ART & ORGANISM
ART IS A LIE but TRUTH is BEAUTY
Art is a lie I use to tell the truth —Picasso
L’exactitude n’est pas la verité —Matisse
[GET ORIENTED WITH
KNOWLDGE and TRUTH, TRUTH, REALITY, and REALITY TESTING]
They asked him, “Is there anything truer than truth?”
“Yes” he replied, “Legend.” (Kazantzakis).
And Salman Rushdie speaking about el realismo mágico, held that “The real, by the addition of the magical, actually gains in dramatic and emotional force. It becomes more real, not less.”
Well we know that science (a highly specialized version of everyday experience) consists of facts and theories. That is,phenomena that we assume exist in the world alongside us, and the relationships between them that we guide our thinking about how they relate to each other and to ourselves. These might determine or reflect the modes of reality-testing that we possess (correspondence and coherence) that confer a measure of confidence in them (are they real? illusory? hallucinations?), but more about these cognitive mechanisms and their evolution and adaptive utility later.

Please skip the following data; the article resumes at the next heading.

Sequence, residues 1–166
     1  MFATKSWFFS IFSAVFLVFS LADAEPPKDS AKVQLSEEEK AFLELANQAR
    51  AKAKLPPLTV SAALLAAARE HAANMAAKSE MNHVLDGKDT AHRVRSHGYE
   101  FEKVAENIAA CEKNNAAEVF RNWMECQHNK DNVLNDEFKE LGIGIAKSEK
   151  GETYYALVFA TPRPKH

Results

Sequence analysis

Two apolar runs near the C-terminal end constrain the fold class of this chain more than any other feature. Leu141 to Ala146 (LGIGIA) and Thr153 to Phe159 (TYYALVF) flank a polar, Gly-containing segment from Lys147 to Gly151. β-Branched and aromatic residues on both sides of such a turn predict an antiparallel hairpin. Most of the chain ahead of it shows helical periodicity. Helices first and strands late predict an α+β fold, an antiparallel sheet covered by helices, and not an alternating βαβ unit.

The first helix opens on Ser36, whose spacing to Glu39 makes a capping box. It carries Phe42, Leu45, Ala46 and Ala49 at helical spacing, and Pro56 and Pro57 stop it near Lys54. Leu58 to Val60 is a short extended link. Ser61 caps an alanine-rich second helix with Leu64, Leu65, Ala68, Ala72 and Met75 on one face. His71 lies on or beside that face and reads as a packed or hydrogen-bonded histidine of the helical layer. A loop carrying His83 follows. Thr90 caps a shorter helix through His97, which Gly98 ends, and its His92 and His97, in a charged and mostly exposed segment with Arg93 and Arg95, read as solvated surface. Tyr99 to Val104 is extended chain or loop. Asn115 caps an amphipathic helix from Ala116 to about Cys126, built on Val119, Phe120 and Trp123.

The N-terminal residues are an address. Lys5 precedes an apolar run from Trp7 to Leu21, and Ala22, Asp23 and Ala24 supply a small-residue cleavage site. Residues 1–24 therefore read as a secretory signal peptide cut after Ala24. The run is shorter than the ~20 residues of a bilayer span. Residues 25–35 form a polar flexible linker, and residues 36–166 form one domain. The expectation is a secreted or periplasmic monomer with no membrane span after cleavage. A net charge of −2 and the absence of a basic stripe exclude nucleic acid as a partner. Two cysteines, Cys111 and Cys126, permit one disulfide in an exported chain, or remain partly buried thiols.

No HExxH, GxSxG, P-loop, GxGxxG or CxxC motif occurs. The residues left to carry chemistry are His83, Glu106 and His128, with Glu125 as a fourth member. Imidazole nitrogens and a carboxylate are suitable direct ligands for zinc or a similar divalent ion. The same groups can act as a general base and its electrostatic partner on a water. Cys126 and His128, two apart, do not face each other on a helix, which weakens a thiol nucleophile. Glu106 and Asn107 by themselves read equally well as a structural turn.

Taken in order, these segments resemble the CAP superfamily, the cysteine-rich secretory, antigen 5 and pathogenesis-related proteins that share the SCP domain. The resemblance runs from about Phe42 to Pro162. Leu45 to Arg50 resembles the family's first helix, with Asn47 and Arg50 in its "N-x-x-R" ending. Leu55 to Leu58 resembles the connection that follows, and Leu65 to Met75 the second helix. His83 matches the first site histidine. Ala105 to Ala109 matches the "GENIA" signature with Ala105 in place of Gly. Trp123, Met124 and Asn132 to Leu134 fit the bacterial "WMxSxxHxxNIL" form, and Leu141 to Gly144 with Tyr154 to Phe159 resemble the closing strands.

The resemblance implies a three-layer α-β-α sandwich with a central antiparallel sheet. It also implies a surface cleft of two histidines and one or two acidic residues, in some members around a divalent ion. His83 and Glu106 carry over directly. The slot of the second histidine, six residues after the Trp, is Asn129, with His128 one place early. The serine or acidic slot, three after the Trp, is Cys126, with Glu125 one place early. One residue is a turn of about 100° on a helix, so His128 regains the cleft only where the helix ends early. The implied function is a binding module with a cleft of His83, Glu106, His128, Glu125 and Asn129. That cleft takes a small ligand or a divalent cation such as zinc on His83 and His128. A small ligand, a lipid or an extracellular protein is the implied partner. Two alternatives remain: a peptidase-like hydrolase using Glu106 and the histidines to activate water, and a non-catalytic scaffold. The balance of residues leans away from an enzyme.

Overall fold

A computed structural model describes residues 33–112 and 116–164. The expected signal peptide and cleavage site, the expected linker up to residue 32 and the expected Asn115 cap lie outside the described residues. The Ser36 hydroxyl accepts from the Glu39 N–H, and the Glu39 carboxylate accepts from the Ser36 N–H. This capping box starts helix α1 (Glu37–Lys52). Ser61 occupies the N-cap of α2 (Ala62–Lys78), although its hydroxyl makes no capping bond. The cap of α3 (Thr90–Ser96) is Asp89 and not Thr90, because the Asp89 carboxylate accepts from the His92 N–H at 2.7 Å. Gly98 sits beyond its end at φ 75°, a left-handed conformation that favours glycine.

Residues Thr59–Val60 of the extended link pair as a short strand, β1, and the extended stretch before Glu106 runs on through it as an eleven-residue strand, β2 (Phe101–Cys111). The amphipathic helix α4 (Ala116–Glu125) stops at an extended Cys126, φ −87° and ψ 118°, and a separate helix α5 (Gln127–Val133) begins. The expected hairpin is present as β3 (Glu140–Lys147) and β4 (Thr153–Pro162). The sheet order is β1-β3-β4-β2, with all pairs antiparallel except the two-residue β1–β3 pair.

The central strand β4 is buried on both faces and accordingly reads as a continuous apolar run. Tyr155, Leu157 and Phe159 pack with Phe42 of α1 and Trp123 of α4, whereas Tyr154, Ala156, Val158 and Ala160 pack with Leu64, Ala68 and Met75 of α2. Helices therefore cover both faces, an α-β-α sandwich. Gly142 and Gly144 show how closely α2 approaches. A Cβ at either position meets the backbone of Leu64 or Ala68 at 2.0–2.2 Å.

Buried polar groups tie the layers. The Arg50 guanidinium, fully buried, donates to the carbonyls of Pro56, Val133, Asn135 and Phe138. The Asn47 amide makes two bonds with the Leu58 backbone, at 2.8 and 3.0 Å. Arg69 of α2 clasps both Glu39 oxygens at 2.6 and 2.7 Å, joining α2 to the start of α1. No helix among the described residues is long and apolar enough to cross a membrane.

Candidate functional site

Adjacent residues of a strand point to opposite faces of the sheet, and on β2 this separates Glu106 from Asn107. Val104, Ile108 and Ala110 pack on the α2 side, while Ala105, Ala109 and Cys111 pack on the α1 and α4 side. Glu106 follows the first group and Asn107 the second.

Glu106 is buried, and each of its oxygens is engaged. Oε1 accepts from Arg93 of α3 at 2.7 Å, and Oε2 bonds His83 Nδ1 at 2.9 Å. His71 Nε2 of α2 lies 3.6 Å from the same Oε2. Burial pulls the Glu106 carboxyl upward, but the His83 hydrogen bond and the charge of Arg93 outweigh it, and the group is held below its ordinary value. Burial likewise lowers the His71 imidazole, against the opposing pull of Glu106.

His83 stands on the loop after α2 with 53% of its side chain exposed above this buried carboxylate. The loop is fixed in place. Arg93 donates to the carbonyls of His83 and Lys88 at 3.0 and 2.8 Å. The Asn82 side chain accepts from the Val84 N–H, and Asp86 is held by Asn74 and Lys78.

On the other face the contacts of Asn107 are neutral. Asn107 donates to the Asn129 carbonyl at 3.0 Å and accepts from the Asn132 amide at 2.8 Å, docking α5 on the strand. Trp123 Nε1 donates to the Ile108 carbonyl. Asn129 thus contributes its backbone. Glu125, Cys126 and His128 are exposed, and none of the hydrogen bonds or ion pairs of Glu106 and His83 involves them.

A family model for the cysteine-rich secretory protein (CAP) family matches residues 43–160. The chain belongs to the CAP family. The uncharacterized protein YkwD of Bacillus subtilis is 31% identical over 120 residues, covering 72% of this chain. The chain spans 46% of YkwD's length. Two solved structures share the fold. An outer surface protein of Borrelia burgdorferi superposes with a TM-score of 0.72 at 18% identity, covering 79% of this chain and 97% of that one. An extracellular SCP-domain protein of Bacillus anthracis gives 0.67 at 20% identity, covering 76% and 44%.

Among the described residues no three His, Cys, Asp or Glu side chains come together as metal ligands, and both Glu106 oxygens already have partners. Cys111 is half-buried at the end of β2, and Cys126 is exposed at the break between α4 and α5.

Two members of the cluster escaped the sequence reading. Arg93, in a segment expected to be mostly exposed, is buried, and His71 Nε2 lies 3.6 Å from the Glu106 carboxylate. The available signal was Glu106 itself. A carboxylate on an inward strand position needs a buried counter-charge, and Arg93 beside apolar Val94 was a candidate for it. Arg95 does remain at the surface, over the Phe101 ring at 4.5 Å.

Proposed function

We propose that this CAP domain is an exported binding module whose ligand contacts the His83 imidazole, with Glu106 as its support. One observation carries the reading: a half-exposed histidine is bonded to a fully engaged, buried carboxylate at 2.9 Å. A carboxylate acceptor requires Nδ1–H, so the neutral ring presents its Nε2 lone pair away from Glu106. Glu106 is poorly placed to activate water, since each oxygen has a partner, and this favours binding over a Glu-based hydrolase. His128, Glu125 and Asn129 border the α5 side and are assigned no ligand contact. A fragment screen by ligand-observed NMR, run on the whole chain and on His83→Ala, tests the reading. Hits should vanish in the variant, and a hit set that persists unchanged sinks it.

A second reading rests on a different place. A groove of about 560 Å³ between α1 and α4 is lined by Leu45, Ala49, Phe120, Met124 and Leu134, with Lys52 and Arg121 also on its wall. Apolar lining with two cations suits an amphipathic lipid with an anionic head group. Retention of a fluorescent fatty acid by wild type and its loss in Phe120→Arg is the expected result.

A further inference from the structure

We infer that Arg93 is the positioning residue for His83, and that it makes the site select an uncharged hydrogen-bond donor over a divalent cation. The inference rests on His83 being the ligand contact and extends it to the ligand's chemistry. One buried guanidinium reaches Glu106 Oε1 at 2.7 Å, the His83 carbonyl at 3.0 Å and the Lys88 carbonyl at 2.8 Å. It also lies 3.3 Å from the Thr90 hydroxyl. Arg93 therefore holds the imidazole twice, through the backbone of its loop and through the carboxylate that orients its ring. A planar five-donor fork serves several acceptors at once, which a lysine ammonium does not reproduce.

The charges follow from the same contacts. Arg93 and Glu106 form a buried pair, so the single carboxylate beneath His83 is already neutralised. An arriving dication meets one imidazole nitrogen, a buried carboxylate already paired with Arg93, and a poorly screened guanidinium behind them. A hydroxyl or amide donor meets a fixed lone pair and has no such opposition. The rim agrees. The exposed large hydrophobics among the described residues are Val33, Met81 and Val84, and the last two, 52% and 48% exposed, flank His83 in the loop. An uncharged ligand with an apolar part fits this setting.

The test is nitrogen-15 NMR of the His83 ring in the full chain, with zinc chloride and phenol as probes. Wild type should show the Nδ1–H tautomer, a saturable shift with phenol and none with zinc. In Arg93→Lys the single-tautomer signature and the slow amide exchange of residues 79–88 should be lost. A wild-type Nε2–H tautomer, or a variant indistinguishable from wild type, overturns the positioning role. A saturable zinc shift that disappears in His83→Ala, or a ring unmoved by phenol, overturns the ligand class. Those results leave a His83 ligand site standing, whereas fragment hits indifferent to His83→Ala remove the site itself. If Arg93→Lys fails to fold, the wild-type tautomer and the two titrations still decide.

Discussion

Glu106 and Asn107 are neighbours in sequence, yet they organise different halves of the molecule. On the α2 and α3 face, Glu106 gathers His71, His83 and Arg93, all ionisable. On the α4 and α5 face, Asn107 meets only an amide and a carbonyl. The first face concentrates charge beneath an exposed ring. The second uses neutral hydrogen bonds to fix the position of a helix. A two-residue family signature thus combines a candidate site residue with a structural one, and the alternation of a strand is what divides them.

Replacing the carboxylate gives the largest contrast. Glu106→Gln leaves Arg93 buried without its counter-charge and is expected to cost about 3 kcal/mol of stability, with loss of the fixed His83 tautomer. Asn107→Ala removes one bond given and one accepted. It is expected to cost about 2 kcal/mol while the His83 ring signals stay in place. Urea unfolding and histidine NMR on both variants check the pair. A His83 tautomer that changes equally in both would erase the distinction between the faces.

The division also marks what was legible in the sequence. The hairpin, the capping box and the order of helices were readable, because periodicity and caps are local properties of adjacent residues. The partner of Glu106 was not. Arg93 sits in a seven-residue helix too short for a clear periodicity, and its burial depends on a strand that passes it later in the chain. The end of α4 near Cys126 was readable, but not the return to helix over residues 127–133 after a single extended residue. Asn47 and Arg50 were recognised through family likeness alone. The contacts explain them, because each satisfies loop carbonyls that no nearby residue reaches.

It is significant that our experiences—perceptions and conceptions of the world—are presumed to be more-or-less accurate internalizations of something outside ourselves.
Actually, we will see that the boundaries between inside and outside our selves is often very fuzzy. Write these promises down—make sure that they are kept.
At this point you would not be surprised that someone like Frank Lloyd Wright could say, “The truth is more important than the facts.”  But facts are isolated little things: their importance is in the roles they play constructing narratives–the scripts by which our lives are lived. A false or weak fact can destroy a narrative: “The great tragedy of science — the slaying of a beautiful hypothesis by an ugly fact” (TH Huxley 1870) Amongst our mantras: “Tell the best story you can with the best facts you have.” We cannot expect “perfection,” only the closest approximation of the truth–perfection is for the gods alone, transcendence to a place we cannot know.)
(Read on: Art & Organism notes page on “ART is a LIE”)